or, stuff that I dragged out of my head

Location: Moncton, New Brunswick, Canada

Tuesday, November 22, 2005

Look Closer

If you're thinking about a word and you pay more attention to how it sounds than to how it looks, you can be led right down the garden path.

This morning the words "species" and "specie" popped into my head, followed in short order by "specious". The first two were obviously cousins, and it seemed pretty clear that the third was at least distantly related, though I had no idea how.

I definitely should have been looking at them rather than just thinking about them, because--as should probably have been obvious--they're all also related to the word "spectacle"; that is to say, they all reflect some aspect of looking.

"Species" originally meant "outward form or appearance"--that is to say, what something looks like. Its meaning eventually shifted to the modern one, "a category", which still retains a shadow of its earlier meaning: things that look alike to us are considered part of the same species, informally if not biologically. "Specie", which means "money" or, more specifically, "coin", first meant "in kind"--that is to say, "an exchange of something which is like something else".

"Specious", in retrospect, is the most obviously related to "spectacle" (from Latin "spectare", "to watch"): something specious is something which looks like the real deal, but isn't. (Jim just asked me about "spectacle", which is to say a thing worth looking at, and then he mentioned "speculum", which is a device used to look into something. I've already talked about "spectre", "specimen", and "spectrum", so you'd think I might have figured out "species" on my own.)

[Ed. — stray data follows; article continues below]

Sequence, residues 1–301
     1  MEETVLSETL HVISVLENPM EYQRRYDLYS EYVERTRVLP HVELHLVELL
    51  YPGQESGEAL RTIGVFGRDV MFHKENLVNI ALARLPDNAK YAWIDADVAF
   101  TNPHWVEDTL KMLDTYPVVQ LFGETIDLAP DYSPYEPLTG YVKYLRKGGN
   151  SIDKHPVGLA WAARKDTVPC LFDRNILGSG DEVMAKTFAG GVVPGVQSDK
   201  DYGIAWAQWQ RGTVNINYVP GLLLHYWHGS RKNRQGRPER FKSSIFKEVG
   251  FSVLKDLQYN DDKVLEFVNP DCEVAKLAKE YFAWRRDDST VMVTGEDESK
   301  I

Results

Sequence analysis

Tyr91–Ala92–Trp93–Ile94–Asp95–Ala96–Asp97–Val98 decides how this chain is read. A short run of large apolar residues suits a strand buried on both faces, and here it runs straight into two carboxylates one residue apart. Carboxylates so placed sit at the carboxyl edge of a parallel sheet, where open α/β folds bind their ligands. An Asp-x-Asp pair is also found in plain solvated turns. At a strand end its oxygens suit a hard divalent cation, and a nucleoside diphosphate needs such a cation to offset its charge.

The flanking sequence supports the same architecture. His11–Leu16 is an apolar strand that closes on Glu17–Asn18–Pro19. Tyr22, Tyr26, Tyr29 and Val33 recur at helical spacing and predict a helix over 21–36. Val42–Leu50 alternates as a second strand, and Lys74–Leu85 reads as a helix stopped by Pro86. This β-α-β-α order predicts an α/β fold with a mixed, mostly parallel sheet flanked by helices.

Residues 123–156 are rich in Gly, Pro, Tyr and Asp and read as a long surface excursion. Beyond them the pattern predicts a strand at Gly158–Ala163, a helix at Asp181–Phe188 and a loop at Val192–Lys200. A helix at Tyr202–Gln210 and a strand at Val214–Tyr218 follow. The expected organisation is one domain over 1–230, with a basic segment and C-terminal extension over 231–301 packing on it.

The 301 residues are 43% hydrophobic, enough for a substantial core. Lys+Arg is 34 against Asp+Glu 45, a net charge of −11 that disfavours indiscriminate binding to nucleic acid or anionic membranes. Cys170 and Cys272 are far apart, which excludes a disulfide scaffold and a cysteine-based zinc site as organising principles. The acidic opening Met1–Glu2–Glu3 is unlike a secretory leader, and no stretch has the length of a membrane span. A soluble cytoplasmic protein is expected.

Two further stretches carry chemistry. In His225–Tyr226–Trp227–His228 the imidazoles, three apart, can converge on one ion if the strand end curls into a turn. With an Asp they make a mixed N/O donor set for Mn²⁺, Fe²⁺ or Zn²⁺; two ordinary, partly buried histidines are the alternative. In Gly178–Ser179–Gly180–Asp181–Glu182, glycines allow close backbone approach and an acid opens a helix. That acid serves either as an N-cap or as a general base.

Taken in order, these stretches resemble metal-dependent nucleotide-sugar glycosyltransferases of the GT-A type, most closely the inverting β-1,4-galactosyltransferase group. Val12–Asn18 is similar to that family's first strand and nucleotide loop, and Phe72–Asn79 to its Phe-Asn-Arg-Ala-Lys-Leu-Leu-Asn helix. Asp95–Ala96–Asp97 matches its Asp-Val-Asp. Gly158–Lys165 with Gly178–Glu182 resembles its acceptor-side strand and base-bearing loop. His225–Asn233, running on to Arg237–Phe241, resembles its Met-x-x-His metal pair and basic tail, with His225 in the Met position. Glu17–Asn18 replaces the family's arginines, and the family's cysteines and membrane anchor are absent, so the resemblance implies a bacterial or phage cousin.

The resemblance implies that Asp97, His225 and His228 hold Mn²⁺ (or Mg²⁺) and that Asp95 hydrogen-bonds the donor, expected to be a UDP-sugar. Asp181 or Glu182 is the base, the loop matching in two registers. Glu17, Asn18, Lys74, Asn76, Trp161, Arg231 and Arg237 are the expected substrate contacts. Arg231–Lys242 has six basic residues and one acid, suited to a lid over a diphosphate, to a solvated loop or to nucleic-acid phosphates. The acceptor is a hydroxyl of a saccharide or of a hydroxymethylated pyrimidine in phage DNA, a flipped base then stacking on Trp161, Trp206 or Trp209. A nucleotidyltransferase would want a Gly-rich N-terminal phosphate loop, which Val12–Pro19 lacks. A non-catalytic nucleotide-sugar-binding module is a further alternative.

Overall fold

Blogger Tony Pius said...

Dude, if you wanted to be thorough about "-spec-" words you would be here all day. No harm in missing one or two on the first approach.

Tuesday, November 22, 2005 5:13:00 PM  
Blogger pyramus said...

It is staggeringly fecund, isn't it? "Specific", "prospector", "especial", "speculation"--pretty much every English word that contains "-spec-" except "speck" and its relative "speckle". And then we have through a vowel change "conspicuous" and "despicable" ("to be looked down upon"), and, from a related Greek word, "skeptic" and "telescope", not to mention "spy". It's nearly endless.

Tuesday, November 22, 2005 6:00:00 PM  
Blogger Tony Pius said...

Which, I think, raises the question: Why "-spec-" instead of "-vis-"? Sure, you could probably come up with a dozen or so "-vis-" words off the top of your head, but my hunch is that they're greatly outnumbered by "-spec-" words.

Accident of history? Conspiracy by the makers of Scrabble to keep the "v" tile difficult to use? You make the call.

Wednesday, November 23, 2005 4:31:00 PM  

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